A special feature is an exclusive interview with digitization expert Kristin Harding from Larsen Digital. She is passionate about getting old photos and movies safely digitized and into storage we can access in the years to come!
As always, you’ll hear from fellow genealogy lovers who have written in with comments and questions. Diahan Southard returns from her summer break with a great new DNA story that settled an old scandal involving U.S. President William G. Harding.
So tune in and enjoy the free Genealogy Gems Podcast Episode 183! Then why not share it with a friend who may like it, too? Thank you!
Does using cloud storage for genealogy (like Dropbox) replace having a computer backup service like Backblaze?
Recently I heard from Jim in Midland, Texas, USA, who is a little perplexed:
“Hi Lisa, I’ve heard all your podcasts, some more than once, and I appreciate your tutelege of five years. I’m nearly 80 and some of the techie stuff is frustrating, but I’m still working at it.
You recommend Backblaze for cloud storage now. Does this mean that Backblaze is a replacement for Dropbox or do they serve different functions? I haven’t used either, but I am looking for a means of storing my information in a safe and retrievable place.”
Jim asks a great question! Dropbox and Backblaze are indeed different animals.
Dropbox is a temporary place to put active files you want to access from a variety of computing devices (such as a smartphone, iPad, your spouse’s computer, etc.) I think of it as Grand Central station for the files I’m actively working with.
You can install Dropbox on multiple computers and download the app to your various mobile devices so that any file stored there is accessible and synchronized. Many apps and devices build connection to Dropbox right in to their own service or device, making it super easy to access files.
Cloud storage for genealogy research makes it easier to collaborate, research while traveling and access your files from different devices or locations. However, I don’t know anyone who only uses Dropbox for ALL of their files. Typically we also save files to our computer’s hard drive, particularly more archival types of files. So while you would be able to retrieve files stored on Dropbox if your computer crashed, and files that are on that computer would be lost. Dropbox also makes it easy to share folders and files with others. Again, think Grand Central Station for active files. Dropbox does have limitations regarding the amount of storage and sharing.
Backblaze is a cloud-based backup service for your entire computer. Once you activate Backblaze, you can just forget about it. It constantly is backing up EVERY file on that computer. If that computer crashed all of your files would be retrievable from Backblaze. You have the added convenience of being able to also access your files from Backblaze.com or the Backblaze app, and in that way it overlaps Dropbox. But that’s not usually how you would access your files. Usually, you would just turn on the backup, and forget about it. There is no limit to how many of your computer files you can back up with a cloud-based backup service like Backblaze.
My Bottom Line: Dropbox is short term storage for active projects, and Backblaze is long term, automatic, secure storage.
Files I’m currently working on (like projects, articles, etc.) I store in Dropbox, making it easy to work on the file from different computing devices and making it easy to share with others. While they are in Dropbox they are “on the Cloud” on the Dropbox servers. Once the project or item is done, I move the file(s) to my main computer. This keeps me from going over my Dropbox limits, and ensures the files are still accessible AND fully backed up and secure in case something happens to my computer. I can full restore my files to a new computer in one swoop if need be.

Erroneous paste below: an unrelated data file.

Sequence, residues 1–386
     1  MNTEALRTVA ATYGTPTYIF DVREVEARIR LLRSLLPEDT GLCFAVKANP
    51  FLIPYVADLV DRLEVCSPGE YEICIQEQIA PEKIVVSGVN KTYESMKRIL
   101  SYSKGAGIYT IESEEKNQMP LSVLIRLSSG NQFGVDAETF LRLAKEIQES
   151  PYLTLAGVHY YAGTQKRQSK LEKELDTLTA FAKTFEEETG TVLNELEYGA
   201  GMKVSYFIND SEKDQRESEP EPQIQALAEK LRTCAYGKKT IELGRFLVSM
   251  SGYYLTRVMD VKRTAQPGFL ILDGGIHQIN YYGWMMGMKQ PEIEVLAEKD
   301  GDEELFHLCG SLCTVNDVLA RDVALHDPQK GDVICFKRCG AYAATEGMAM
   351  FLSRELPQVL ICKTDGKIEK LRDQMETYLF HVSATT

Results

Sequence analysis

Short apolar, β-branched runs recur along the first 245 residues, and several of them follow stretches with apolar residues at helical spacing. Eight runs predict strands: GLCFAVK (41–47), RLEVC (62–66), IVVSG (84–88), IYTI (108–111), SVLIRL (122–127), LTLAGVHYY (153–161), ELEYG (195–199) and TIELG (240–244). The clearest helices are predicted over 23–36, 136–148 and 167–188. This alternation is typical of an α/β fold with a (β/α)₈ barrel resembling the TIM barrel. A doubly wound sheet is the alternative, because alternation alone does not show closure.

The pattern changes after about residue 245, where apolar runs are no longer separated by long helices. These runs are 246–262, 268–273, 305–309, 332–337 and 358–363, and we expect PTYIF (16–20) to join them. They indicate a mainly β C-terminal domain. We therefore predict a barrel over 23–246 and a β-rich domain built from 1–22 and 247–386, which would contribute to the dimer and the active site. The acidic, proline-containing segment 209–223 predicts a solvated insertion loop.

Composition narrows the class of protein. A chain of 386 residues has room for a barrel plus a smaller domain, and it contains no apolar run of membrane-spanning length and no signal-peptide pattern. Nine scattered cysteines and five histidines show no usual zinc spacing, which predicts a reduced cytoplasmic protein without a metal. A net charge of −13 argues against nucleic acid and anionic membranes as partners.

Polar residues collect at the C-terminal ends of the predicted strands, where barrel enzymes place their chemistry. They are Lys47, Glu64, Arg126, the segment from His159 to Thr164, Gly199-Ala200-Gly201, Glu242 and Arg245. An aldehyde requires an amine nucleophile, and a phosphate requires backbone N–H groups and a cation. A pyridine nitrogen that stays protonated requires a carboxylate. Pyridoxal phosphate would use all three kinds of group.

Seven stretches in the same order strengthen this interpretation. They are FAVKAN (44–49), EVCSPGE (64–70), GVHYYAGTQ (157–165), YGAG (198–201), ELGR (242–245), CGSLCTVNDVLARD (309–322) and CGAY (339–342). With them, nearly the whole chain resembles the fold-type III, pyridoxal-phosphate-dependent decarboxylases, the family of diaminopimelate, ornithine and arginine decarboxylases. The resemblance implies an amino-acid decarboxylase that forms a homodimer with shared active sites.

I have chosen Backblaze as the official cloud backup for Genealogy Gems. Backblaze is also a sponsor of the free Genealogy Gems podcast. For only $4.99 a month Backblaze can back up your computer files, too. Why not check them out and see if their service is right for you? Click here to learn more about Backblaze.
Not so long ago, my computer backup plan against various calamities looked something like this:
Against flood: keep my laptop off the floor.
Against fire: grab my laptop in one hand and my youngest child in the other.
Against theft: hide my laptop under a different pile of blankets every time I leave the house.
No lie, this was my plan. You don’t have to tell me how terrible it was.
Fortunately, I’ve improved somewhat. I stash copies of important files in Dropbox. Older photos and files are backed up online and on an external hard drive. I started using cloud-based email.
But last week my laptop got sick. First it ran a fever, then shut down entirely. My computer repairman, usually an optimist, said, “Please tell me you have everything backed up.” I hesitated. He sighed.
That crash took three days to resolve and resulted in a prescription for a cooling fan and the dire news that my laptop is living on borrowed time. I was sternly instructed to back everything up, because in those three days I had discovered considerable gaps in my backup plan.
Fortunately, Lisa had just announced buy pain medication online legally Genealogy Gems’ new partnership with Backblaze. I figured if Lisa could entrust thousands of audio, video, image, text, communication and other files to them, I could do the same. So….I signed up for Blackblaze. It’s $5 a month ($50 a year). Less than I spend on Redbox movies for my kids.
It’s taken Backblaze a few days to process my initial backup of over 120,000 files. It’s running continuously in the background and will continue to do so as I work. Like a little data butler, waiting to tidy up after me and be there for me when I need it. Backblaze will even backup my external drives, too (“no extra charge, madam”).
It’s so comforting to have Backblaze that I’ve stopped hiding my laptop under blankets when I leave the house. Because I was still doing that.
If your backup plan needs a little help like mine did, consider Backblaze. It’s easy to sign up, it’s comprehensive and it’s just a few dollars a month. Click here to check it out:www.Backblaze.com/Lisa. Whatever your backup strategy, watch our blog for more on disaster planning and prevention.